Fourteen F-bombs in 20 minutes: When Madonna gave the most censored interview on American television

Thirty years ago, the singer ended her provocative era in style. On David Letterman’s show, she used obscene language, showed her underwear, insulted the host and refused to get up when the interview was over

Madonna and David Letterman
Madonna and David Letterman at the MTV Awards in 1994, in what was an official reconciliation after the tense interview they had just months earlier.Kevin.Mazur (WireImage)
Guillermo Alonso

Between 1990 and 1993, Madonna went through the most provocative period in her career. Justify My Love, the book SEX, the album Erotica, as well as that forgettable thriller film Body of Evidence occurred over the course of those three years.

The official version is that, right after this series of productions, Madonna calmed down to save her career, becoming more formal. But that’s not entirely true. In fact, the final blow of that insolent era actually took place on March 29, 1994, in an interview with David Letterman. The 20-minute-long conversation would become the most censored segment in the history of American television.

Madonna had just published a ballad titled I’ll Remember, which put her back on the charts. It softened her hypersexualized image, giving her the role of a melodic and friendly singer (this ladylike Madonna would culminate in the 1996 film Evita). But that night — in what was supposed to be part of the promotion of her song, which ended up not even being mentioned — the singer didn’t want to play nice. Rather, she wanted revenge.

As is tradition on late-night talk shows, Letterman began the episode with a monologue. For years, he had been mentioning Madonna and making jokes at her expense. It wasn’t personal: celebrities were a source of inspiration for these spaces, and, in the 1980s and 1990s, Madonna was the most famous woman in the world.

On the night of March 29, 1994, he did it again. He introduced her like this: “Our first guest tonight is one of the biggest stars in the world. In the past 10 years she has sold over 80 million albums, starred in countless films, and slept with some of the biggest names in the entertainment industry.”

What happened on set

Two interviews will be discussed in this piece. The first is the one that viewers saw in 1994. The second includes the context behind what was said, as well as what the protagonists of the verbal dispute said afterwards.

Let’s begin with the first one. Madonna starts off strong: when she arrives, she hands Letterman some panties. As soon as the interview begins, he encourages Madonna to approach a man sitting in the audience and kiss him. She asks him: “Why are you so obsessed with my sex life?” Ignoring her, Letterman keeps encouraging her to go up to that man and kiss him. She — firm in her refusal — responds: “You are a sick fuck.” This phrase will return at the end of this article, with another meaning…

Madonna on the night of March 29, 1994, when she was on her way to the 'Late Show with David Letterman' to give the most controversial interview of her life.
Madonna on the night of March 29, 1994, when she was on her way to the 'Late Show with David Letterman' to give the most controversial interview of her life.Ron Galella (Ron Galella Collection via Getty)

That first “fuck” is one of the 14 “fucks” that Madonna uttered during the interview. There were also a few mentions of “shit.” Along with other words, these were on the list considered obscene by the U.S. Federal Communications Commission (FCC). They’re still on the list today. If someone says one of these words — usually unintentionally — there’s a short delay during live broadcasts, which allows for a “bleep” to be placed over the swear word.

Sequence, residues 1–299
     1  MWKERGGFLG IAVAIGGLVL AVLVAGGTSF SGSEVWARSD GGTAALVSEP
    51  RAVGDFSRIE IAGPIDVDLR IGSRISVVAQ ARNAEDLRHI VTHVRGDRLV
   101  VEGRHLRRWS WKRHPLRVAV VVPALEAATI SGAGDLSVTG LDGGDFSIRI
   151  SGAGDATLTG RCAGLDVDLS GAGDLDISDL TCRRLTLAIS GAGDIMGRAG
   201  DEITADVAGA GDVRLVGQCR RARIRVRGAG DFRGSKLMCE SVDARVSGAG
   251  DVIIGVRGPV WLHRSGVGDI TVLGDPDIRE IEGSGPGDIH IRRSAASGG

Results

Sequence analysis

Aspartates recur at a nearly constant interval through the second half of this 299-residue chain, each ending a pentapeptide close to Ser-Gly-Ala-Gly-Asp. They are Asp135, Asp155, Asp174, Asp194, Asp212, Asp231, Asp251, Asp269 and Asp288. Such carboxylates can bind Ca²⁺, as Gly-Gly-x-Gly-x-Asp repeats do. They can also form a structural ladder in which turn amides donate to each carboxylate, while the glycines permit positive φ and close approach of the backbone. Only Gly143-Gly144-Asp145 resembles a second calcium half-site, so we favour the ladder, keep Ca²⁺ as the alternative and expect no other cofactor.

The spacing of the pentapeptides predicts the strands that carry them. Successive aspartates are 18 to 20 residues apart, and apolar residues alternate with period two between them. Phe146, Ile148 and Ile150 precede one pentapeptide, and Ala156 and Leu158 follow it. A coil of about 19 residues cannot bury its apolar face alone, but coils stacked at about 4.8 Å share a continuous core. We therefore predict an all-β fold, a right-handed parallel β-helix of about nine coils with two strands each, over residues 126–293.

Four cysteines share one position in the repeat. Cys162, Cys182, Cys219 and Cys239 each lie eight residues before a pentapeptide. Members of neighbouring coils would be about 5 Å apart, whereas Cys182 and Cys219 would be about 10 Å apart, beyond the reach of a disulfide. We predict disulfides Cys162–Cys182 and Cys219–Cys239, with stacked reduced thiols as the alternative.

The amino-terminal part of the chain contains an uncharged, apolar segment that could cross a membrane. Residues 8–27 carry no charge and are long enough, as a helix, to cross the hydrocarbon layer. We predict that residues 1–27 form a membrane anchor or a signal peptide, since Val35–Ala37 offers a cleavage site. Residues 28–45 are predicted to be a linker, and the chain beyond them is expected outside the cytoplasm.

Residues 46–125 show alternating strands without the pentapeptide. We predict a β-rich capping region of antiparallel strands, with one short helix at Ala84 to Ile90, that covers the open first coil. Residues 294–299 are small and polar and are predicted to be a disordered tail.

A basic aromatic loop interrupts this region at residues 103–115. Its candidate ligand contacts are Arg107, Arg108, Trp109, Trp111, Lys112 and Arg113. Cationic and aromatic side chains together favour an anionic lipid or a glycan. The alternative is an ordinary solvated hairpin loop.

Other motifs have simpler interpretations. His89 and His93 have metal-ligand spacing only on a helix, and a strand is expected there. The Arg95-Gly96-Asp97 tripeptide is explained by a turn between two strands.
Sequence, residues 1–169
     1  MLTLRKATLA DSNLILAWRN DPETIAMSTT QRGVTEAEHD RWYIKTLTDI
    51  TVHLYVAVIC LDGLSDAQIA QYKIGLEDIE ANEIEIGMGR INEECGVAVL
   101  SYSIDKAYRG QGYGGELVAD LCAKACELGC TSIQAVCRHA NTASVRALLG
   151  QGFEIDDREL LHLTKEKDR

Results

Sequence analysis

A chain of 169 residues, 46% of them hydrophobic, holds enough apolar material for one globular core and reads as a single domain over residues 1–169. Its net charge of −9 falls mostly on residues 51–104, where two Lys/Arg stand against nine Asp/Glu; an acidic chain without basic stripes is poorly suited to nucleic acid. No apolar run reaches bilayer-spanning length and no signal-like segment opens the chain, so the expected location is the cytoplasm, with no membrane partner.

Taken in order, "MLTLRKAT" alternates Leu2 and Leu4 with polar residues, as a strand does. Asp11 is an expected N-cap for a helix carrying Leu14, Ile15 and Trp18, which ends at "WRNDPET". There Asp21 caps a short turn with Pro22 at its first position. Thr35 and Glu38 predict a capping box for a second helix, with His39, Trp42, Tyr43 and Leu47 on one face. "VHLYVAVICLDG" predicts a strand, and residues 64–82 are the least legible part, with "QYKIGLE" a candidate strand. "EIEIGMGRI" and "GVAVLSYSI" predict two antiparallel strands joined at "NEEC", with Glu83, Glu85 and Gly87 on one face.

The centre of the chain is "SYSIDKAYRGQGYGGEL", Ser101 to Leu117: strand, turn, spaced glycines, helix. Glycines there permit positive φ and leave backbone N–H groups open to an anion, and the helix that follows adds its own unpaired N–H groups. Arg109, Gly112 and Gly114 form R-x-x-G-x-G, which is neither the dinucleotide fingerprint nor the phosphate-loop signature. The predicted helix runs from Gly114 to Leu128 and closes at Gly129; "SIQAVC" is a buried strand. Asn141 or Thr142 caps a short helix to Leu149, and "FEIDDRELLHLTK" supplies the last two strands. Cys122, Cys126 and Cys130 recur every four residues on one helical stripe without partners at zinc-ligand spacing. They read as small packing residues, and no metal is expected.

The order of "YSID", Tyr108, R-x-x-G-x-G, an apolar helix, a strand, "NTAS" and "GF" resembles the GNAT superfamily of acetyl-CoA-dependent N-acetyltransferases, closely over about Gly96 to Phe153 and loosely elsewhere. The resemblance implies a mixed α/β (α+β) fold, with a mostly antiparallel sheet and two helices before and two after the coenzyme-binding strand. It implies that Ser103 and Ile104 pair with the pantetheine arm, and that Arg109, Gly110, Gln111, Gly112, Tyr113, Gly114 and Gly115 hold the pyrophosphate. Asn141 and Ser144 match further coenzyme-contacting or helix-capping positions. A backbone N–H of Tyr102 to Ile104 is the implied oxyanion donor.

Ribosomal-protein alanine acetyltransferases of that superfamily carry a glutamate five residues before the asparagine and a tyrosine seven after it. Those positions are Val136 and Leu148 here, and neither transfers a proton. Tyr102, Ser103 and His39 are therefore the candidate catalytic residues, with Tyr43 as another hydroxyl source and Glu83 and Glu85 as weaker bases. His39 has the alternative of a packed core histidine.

Right after that first “fuck,” Madonna went for another one: “I don’t know why you throw so much shit at me.” Letterman reminds her: “You know this show is airing live, right?”

Madonna doesn’t respond. Instead, she asks Letterman to smell the underwear she brought him, before engaging in sexual games that have to do with the length of a microphone and her relationship with Charles Barkley, an NBA player who she once dated. It was rumored that he was having an affair. “You’re a lovely young woman,” Letterman notes at one point.

The give and take continues for a while. She reproaches him, asking why he’s allowed to talk about her sex life in all of his shows, but when she’s actually on the show, suddenly she’s prohibited from talking about it. At times, Letterman proves to be in full reflex form as a comedian. When she points to his hair and asks if he’s put a rug on his head, he points to her hairstyle (dyed black and pulled tightly into a ponytail) and replies, “what is that, a swim cap?”

After a cut to commercials, Madonna reappears on screen, smoking a huge cigar. She accuses Letterman of having changed. “You used to be really kind of, like, cool. Money’s made you soft… you just kiss up to everybody on your show now.” She then calls the host “irritating” (eight years earlier, another successful singer — Cher — had called him “an asshole” to his face). Letterman responds that the feeling is mutual. Madonna repeats several times — always bleeped out — “you’re always fucking with me on your show.”

“This is American television,” Letterman explains dryly. “People don’t want that in their own homes at 11:30 at night.”

“They don’t?” Madonna asks, feigning incredulity, before Letterman asks for a commercial break.

Afterwards, following another exchange of words made with frozen smiles, Madonna refuses to participate in a prepared part of the program because she feels that the script “isn’t funny.” She throws some of the papers on the floor. Letterman subsequently warns that the end of the interview has arrived and they must move on to another segment. But Madonna doesn’t want to leave. She asks Letterman if he’s going to show the audience the pair of panties that she brought with her. “Well, uh, I think almost everybody has seen your underwear,” he replies. The singer then points out: “They saw me out of my underwear. They haven’t seen me in my underwear.”